Updated Fri, May 06, 2011 by Martuk
Sony is offering to cover its North American PlayStation Network and Qriocity users with one year of identity theft protection through identity protection firm Debix. As Sony works to secure its network and restore services, a new threat has emerged of another possible cyber-attack. Is Sony ready for another attack on its security?
Sony is stepping up their efforts to make good with customers after their network was compromised almost three weeks ago in a cyber attack that potentially compromised now more than 100 million accounts between the Playstation Network and Sony Online Entertainment services. Yesterday Sony Chairman Howard Stringer posted an update apologizing to customers and reaffirmed that despite the data lose, no credit card or personal data being misused. That's not to say there won't be, but to help offer a little protection to consumers, Sony is offering to cover PlayStation Network and Qriocity customers that lost data in the attack with a $1 million identity AllClearID theft monitoring and insurance policy through identity protection firm Debix for 12 months. No details for a similar plan for SOE customers has been announced as of yet. More details about the policy can be found here.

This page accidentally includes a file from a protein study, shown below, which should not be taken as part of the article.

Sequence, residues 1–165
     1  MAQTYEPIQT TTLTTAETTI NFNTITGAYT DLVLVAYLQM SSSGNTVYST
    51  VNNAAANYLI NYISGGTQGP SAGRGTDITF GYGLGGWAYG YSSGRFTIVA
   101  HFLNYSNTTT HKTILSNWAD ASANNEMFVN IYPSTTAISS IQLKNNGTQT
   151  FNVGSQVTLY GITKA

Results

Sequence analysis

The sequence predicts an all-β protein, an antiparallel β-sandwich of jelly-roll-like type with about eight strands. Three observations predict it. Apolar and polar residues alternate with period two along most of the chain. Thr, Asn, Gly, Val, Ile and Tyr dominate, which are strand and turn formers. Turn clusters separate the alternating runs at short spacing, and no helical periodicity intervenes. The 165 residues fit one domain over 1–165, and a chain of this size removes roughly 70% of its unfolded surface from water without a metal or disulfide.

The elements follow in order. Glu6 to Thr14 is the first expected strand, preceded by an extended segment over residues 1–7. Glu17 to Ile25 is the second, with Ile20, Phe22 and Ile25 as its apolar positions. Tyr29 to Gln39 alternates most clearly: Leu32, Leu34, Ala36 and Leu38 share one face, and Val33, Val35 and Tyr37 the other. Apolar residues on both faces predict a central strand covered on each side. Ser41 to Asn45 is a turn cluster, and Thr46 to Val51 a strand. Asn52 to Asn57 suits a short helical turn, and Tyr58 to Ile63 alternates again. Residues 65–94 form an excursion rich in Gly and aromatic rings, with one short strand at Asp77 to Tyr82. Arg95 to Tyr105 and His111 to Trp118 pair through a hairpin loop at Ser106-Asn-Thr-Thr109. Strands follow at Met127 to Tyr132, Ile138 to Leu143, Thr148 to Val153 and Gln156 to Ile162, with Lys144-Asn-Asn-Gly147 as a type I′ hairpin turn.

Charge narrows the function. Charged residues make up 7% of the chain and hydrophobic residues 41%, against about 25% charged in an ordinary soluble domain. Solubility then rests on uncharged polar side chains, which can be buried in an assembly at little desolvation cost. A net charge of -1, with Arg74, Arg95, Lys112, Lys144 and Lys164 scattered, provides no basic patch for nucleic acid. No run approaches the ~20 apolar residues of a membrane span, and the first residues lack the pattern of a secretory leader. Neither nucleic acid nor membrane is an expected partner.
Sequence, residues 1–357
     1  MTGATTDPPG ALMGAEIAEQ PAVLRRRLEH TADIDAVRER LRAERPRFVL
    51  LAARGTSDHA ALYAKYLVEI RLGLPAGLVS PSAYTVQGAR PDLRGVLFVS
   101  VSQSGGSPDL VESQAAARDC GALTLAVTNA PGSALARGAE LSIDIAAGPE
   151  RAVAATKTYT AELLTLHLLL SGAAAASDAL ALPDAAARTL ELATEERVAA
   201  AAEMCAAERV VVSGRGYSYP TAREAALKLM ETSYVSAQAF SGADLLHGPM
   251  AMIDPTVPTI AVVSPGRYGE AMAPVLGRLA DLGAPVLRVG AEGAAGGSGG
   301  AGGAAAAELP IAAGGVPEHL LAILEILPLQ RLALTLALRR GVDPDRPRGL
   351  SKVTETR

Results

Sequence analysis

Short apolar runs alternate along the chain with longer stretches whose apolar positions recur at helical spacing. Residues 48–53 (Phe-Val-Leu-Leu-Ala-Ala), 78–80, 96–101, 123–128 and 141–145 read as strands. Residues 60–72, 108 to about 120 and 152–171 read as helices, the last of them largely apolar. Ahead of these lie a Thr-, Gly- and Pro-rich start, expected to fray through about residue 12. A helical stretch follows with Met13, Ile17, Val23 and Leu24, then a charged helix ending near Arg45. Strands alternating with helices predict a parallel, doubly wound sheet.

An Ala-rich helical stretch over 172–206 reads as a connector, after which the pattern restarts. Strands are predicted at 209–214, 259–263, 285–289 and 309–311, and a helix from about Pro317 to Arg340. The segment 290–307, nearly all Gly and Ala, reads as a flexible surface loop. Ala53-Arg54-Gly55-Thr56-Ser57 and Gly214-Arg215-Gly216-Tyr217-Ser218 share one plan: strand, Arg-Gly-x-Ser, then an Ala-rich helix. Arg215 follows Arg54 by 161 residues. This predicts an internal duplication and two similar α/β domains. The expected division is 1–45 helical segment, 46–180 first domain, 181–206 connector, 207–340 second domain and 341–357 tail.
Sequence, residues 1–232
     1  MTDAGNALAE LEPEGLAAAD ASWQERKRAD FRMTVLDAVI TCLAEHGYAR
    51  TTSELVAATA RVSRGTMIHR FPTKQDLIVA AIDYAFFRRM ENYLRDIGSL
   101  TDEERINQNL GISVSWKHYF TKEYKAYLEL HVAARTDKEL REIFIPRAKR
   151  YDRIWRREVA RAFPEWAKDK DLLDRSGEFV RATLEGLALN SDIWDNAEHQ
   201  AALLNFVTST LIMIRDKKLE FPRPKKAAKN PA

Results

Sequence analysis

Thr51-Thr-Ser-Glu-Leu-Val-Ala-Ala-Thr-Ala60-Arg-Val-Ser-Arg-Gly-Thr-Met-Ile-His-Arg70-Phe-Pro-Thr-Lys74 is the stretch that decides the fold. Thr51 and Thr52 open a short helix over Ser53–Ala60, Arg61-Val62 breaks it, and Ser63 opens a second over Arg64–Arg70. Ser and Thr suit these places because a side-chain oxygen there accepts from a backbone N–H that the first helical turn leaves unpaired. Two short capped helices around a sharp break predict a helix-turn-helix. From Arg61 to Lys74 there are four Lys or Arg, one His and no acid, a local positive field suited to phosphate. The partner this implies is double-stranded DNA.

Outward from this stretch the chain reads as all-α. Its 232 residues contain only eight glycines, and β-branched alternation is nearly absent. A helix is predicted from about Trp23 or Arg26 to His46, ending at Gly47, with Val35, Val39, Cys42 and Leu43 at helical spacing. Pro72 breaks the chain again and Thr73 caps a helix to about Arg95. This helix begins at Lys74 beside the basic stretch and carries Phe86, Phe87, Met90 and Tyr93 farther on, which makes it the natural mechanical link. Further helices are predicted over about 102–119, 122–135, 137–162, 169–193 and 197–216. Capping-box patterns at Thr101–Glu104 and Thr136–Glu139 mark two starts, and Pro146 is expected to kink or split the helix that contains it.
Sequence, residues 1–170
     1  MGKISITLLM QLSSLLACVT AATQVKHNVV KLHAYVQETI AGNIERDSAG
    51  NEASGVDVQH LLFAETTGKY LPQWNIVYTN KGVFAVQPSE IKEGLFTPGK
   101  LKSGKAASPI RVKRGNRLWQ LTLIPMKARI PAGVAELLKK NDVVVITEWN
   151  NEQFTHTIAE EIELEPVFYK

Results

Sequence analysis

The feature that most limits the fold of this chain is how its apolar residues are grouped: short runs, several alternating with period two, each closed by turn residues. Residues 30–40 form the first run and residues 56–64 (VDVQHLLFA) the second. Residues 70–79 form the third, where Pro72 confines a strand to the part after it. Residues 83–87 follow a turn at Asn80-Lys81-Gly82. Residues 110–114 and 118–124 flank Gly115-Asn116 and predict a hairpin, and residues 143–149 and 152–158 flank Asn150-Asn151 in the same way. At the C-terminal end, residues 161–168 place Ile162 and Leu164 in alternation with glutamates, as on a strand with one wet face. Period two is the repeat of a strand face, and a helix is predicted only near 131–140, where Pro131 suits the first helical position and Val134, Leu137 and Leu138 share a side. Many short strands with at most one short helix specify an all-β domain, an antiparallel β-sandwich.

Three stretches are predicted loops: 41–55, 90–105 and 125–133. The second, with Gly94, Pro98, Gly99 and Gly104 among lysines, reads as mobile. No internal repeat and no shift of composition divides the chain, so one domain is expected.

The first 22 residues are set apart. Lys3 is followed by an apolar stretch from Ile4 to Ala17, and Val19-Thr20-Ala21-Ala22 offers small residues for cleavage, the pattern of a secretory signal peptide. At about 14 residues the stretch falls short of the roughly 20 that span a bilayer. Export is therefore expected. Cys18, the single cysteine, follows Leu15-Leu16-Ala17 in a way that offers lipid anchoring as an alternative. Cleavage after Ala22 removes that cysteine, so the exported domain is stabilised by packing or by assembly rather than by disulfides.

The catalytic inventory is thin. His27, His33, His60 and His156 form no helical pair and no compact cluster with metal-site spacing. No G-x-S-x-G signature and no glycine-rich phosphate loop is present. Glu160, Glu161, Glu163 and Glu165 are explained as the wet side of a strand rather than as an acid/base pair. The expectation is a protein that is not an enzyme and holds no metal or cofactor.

In another part of an update released last night, Sony announced that it's in the final stages of internal testing to restore services for the Playstation Network. The company emphasized that it will do so only when they are certain that the network is secure, which makes the next part of this news even more interesting.
The threat to Sony security may not be over yet. According to a report from CNET, hackers may be planning another attack on Sony systems this weekend. An observer of one of the IRC chat channels used by hackers reported to CNET that hackers plan to attack Sony again this weekend and publicize some of the information stolen in response to Sony's handling of the network breach that occurred almost three weeks ago. The source claims hackers plan to release some or all of the information that they are able to copy from Sony servers, which include "customer names, credit card numbers, and addresses" according to the source.
The hackers claim to currently have access to some of Sony's servers and if they were to pull off another attack it would be the third in a series of devastating security blows since last month. Part of which involved a DoS attack by the hacktivist group Anonymous, who has repeatedly denied responsibility for the Sony security breach. The failure in Sony security has prompted investigations from the US Congressional Subcommittee, FBI, Department of Homeland Security, the New York State Attorney General and several other consumer privacy agencies in various other countries.
Whether this latest unconfirmed threat is real or just the usual trolling of Internet chatter remains to be seen. Stay tuned and we'll update you with any further details as they develop.